Thursday 23 January 2020

Editorial: 'The UK election may be over but the Brexit battle is not'

'Remainers and Brexiteers had locked their country into a bad-humoured stalemate.' Stock photo
'Remainers and Brexiteers had locked their country into a bad-humoured stalemate.' Stock photo


Before a single vote was cast they had dubbed the UK election "the nightmare before Christmas".

Appetite for the contest - the first to be held in December in nearly 100 years - following polls in 2015 and 2017 was always faint. And if some believe it may be the most consequential general election since 1945, the overwhelming feeling in its aftermath will be relief it is out of the way.

An unprecedented sense of weariness and wariness hung over the polling stations in 650 constituencies across England, Wales, Scotland and Northern Ireland.

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To be going to the ballot box in the third general election in less than five years would test the ardour of the keenest democrat.

To be compelled to do so with the UK riven by Brexit, in the bleak midwinter, was a true test of political character. Boris Johnson's rallying cry to "Get Brexit Done" sought to give the impression there was a quick way to the heart of the matter.

Remainers and Brexiteers had locked their country into a bad-humoured stalemate. The paralysis must be broken, but it will take trust. The Tory campaign did nothing to allay suspicions of an elastic relationship with the truth. Even if the best possible scenario Conservatives could hope for comes to pass, the notion that all the loose ends and jagged edges might be tied up and smoothed over with Brussels by January 31 is a fiction.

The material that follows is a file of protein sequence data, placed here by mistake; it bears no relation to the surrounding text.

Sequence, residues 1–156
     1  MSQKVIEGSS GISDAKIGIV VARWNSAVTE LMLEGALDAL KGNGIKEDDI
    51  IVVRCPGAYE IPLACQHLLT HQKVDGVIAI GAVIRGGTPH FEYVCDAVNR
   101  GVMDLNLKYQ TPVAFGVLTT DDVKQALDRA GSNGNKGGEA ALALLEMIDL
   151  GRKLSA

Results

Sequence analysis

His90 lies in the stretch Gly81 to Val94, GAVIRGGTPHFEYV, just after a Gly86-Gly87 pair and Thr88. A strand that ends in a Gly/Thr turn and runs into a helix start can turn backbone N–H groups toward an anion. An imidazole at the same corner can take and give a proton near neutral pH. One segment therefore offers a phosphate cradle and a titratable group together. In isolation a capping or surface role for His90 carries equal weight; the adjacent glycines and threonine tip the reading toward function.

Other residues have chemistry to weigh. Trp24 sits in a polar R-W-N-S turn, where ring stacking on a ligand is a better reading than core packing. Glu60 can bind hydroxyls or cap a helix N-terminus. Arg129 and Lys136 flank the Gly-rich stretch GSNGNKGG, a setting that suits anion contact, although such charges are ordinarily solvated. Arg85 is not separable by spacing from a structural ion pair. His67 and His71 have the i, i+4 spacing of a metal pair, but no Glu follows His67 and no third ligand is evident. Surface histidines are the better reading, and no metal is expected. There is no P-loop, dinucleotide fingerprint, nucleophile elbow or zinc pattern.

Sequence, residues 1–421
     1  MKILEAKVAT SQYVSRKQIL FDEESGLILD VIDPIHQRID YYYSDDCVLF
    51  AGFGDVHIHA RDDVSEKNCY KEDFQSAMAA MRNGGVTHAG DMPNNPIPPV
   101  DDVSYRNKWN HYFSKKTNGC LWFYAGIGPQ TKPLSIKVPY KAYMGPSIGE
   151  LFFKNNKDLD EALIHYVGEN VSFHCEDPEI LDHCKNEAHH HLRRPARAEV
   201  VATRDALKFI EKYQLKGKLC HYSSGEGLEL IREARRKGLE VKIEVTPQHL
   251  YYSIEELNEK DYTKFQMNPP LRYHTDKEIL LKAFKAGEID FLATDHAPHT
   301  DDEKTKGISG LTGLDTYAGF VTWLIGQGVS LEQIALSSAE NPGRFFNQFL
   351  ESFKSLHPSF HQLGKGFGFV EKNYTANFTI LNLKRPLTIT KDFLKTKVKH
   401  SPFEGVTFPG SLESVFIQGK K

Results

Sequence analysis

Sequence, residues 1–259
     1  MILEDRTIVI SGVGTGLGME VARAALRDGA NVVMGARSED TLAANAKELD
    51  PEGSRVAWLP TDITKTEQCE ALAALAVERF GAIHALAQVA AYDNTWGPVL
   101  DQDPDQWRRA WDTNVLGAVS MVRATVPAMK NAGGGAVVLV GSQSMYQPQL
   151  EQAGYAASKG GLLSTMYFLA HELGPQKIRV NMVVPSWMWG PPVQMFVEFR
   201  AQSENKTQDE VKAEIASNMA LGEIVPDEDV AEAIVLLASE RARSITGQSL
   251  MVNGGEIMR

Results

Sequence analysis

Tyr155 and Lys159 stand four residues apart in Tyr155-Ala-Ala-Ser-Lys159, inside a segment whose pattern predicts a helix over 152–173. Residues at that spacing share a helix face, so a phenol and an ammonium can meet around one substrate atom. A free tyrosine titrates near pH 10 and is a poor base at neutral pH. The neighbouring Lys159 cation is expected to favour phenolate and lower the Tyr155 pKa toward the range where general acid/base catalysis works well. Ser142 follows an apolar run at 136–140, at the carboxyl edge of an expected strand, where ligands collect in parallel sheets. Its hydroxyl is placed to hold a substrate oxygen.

The hard part of the Brexit process can really only begin after New Year's Eve, the latest deadline set by the EU to finalise the withdrawal deal.

Mr Johnson's aspiration to bulldoze through a permanent trade agreement by the end of the year always looked incredibly ambitious.

Labour's notion of re-negotiating the EU withdrawal agreement and putting it to another referendum also seemed fanciful to many.

For that matter, everyone sitting on the sidelines hoping yesterday's election would put Brexit to bed once and for all may also be guilty of wishful thinking. All Mr Johnson could truthfully offer was a temporary stilling of the argument.

But setting the results to one side, the conduct of the campaign was also deeply unsatisfactory.

Unfortunately, it was consistent with the discernible descent in behaviour and standards in too many recent elections.

For the record, as some observers have noted, it is still meddling when the meddlers are the very people trying to get elected.

Researchers tracking disinformation found candidates too ready to adopt manipulative tactics to game a digital system. Lies and rumours are spread with ever-increasing velocity online at the expense of verifiable facts.

Bombardment with inflammatory content and fuelling conspiracies corrodes trust and cheapens politics. Such tactics, though clearly immoral, are not illegal.

The impulse to exploit the advantages the web affords, and to interfere with the freedom to vote with full and fair information, has to be suppressed to protect the integrity of the ballot.

Irish Independent

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